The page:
We often hear our customers ask us about rain screen and how it works with our open-joint siding — Oh, and what exactly is open-joint siding, why does it cost more and what the heck is Reveal Shield wrappin anyway?
We understand your confusion. So let’s break it down for you.
First of all, as we out here in Vancouver know, you need to protect your wall from the elements. Rain-screen siding is the first layer of defense against the elements, including rain, snow, sleet, wind and even the sun.
The idea behind rain-screen siding is simple — first, build an outside wall and weatherproof it (called a building envelope for those in the know) and then construct an outer layer of siding (the rain screen) to keep the weather away from the inner wall.
But here’s where lap siding and open-joint siding differ.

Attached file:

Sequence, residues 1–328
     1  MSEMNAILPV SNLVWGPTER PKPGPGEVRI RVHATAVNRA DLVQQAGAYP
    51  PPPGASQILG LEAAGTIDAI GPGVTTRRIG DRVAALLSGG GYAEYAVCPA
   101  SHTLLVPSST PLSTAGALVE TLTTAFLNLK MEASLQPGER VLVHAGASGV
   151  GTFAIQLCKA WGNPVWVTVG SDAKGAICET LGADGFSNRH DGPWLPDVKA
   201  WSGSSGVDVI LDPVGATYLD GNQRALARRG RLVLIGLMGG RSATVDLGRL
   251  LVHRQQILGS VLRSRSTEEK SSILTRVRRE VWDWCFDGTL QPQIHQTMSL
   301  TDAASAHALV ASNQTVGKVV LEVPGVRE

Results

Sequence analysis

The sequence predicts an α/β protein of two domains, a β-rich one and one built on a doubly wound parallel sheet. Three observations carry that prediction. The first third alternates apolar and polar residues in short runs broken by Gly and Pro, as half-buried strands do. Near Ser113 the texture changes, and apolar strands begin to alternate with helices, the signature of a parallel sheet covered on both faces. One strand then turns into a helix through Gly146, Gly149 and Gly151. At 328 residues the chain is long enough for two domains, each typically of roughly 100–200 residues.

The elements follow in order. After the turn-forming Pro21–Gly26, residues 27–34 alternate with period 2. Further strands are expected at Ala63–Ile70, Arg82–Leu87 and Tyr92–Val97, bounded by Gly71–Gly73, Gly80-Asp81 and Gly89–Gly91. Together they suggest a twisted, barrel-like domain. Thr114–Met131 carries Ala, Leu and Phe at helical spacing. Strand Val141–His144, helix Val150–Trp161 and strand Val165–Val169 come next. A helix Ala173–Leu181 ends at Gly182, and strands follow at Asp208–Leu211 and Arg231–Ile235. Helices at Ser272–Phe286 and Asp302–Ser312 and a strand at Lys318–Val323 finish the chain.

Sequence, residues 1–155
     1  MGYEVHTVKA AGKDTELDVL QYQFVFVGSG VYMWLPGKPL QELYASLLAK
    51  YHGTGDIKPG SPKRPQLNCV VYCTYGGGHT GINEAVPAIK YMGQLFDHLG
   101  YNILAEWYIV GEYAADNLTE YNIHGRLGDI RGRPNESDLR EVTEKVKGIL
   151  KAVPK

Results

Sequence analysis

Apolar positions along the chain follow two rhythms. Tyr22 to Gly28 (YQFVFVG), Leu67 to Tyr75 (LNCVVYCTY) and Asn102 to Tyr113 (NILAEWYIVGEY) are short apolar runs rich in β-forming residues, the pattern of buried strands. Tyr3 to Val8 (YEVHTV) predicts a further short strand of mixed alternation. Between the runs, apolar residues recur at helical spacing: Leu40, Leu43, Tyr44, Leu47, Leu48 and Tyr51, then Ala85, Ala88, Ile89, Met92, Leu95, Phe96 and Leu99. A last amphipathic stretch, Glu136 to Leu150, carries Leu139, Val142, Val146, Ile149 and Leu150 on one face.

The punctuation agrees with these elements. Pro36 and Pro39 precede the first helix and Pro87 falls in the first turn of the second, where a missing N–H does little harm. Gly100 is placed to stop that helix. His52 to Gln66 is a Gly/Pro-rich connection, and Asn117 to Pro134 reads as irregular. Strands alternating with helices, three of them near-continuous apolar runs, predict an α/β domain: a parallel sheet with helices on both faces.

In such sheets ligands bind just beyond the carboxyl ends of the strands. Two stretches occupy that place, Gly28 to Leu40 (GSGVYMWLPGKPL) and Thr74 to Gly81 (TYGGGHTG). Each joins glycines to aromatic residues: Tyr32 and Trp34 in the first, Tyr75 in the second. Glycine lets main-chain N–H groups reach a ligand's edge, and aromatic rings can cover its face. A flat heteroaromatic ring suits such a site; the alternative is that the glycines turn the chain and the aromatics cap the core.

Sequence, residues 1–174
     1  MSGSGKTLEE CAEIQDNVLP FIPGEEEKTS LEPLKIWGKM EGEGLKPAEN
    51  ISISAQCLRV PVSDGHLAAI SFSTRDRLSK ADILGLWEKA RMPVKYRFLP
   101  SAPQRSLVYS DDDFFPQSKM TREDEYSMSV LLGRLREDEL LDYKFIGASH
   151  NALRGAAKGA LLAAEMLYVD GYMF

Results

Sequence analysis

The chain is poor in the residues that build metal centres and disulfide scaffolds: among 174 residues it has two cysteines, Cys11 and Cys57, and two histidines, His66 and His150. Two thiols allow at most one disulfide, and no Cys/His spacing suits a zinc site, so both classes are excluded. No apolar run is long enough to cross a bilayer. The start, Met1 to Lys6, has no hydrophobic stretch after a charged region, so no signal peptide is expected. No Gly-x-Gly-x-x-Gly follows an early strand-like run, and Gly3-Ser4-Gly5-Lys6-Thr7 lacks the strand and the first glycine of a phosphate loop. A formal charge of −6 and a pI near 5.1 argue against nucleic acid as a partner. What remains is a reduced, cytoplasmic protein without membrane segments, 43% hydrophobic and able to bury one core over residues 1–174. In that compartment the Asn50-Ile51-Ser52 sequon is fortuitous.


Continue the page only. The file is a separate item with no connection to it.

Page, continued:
With our James Hardie lap siding (and optional cedar siding) that inner wall is wrapped with Tyvek HomeWrap, which protects the wall from outside water and seals the home from outside air. From there, the lap or cedar siding is built over it.
Open-joint siding provides extra layers of defense. 1/2″ ACX Exterior Grade Plywood added over the building envelope as an air and we then use state-of-the-art, industry-leading Reveal Shield wrapping to protect the building further.
The lightweight membranes allow vapor to permeate through, while still protecting the building from harmful moisture by allowing the vapor to then escape, reducing condensation.
Reveal Shield technology is easy to install in all climates, can be installed in tough conditions, are efficient to build, and will save energy in your building — according to a National Institute of Standards and Technology (NIST) study, air barriers save money and reduce energy consumption by as much as 40 percent per year over the life of the building.
The shield also reduces allergens by creating a healthy airflow.
James Hardie open-joint siding is then added over the wraps and fastened with stainless fasteners, completing the open-joint process.
The concept of rain-screen siding has been around since as early as the 12th century A.D. — but technology has advanced a lot further since then.